By Dr. Kyle Williams
The way that we understand the relationship between Christian faith and work life and consumer culture is deeply unsettled. Can the sacred and the secular be brought back together? Should they be? Given at All Saints Anglican Church in Charlottesville, Virginia, this series of talks examines the relationship between Christianity and economic life by giving an introduction to the tradition of catholic social teaching. It raises basic yet serious questions about religion and society, such as: Is religious faith primarily a private experience or can it have public dimensions as well? What does it mean to be free? What is true human happiness? What is the relationship between the Church and the world? And, what does the idea of a Christian economy of gift mean for our everyday lives?
Dr. Kyle Edward Williams is senior editor of The Hedgehog Review. His forthcoming book is Taming the Octopus: The Century-Long Battle Over the Soul of the Corporation.
Quotes and Bibliography from the talks:
“When we see the world as an end in itself, everything becomes itself a value and consequently loses all value, because only in God is found the meaning (value) of everything, and the world is only meaningful when it the ‘sacrament’ of God’s presence. Things treated merely as things in themselves destroy themselves because only in God have they any life. The world of nature, cut off from the source of life, is a dying world.”—Alexander Schmemann, For the Life of the World. “For Christians, economic life, like all other aspects of life, must be formed from within the liberation effected by God in Jesus Christ. The basic form for a Christian’s approach to economic life is given in the love archetypically revealed in Jesus and in turn through Mary—and thus through the marian fiat and magnificat…a spirituality characterized by gratitude and thanksgiving; by humility and wonder; by an affirmation of life, of the intrinsic worth—beauty, goodness, and truth—of all things (because created by God); by a disposition of service toward and solidarity with others. In a word, a self formed in the fiat and the magnificat is a self whose disposition of grateful receiving informs all of its doing, having, and making—a self that recognizes that it is, strictly, never the owner of its being and acting.”—David L. Schindler, Heart of the World, Center of the Church. “The earthly [city] has made for herself, according to her heart's desire, false gods out of any sources at all, even out of human beings, that she might adore them with sacrifices. The heavenly one, on the other hand, living like a wayfarer in this world, makes no false gods for herself. On the contrary, she herself is made by the true God that she may be herself a true sacrifice to Him.”—St. Augustine, The City of God, XVIII.54. “Christ’s resurrection created a new world; it marks the beginning of a fresh age and has set up on earth a type of existence which is absolutely novel.” Henri de Lubac, The Splendor of the Church.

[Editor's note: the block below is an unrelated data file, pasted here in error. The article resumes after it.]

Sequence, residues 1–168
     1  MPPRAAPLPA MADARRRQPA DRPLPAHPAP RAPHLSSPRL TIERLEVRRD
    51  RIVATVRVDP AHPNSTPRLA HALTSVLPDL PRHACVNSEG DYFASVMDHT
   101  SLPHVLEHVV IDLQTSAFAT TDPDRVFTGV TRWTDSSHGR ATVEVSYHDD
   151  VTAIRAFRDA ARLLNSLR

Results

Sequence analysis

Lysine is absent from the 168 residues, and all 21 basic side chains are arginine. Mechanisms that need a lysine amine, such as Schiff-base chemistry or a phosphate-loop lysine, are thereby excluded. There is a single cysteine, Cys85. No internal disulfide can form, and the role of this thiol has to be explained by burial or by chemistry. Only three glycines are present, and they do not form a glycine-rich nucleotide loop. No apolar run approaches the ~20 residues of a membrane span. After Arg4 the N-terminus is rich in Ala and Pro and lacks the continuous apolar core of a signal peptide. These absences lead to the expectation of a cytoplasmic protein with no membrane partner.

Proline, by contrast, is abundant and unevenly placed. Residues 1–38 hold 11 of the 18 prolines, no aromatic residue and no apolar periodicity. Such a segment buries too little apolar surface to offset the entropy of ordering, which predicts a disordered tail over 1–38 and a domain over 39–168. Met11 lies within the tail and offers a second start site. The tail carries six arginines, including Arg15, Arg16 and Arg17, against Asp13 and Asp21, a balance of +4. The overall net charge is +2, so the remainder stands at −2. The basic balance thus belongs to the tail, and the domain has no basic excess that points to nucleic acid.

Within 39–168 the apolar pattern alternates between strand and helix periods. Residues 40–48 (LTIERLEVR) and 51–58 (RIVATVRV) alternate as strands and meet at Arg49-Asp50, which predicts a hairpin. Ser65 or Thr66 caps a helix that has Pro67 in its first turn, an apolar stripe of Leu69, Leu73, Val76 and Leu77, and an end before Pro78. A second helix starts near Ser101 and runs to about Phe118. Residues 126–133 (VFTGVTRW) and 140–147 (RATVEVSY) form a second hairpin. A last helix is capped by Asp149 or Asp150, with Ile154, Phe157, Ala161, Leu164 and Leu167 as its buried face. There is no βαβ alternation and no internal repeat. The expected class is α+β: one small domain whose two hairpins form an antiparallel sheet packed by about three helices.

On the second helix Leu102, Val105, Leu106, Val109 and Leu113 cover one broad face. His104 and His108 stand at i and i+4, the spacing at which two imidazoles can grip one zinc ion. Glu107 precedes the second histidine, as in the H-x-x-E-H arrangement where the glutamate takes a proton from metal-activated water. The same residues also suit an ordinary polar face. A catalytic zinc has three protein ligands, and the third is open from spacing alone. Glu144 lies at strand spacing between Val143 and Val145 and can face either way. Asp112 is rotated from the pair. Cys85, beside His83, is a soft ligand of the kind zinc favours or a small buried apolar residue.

“The consumer is protected from coercion by the seller because of the presence of other sellers with whom he can deal; the seller is protected from coercion by the consumer because of other consumers to whom she can sell; the employee is protected from coercion by the employer because of the other employers for whom he can work, and so on. And the market does this impersonally and without centralized authority.”—Milton Friedman, Capitalism and Freedom.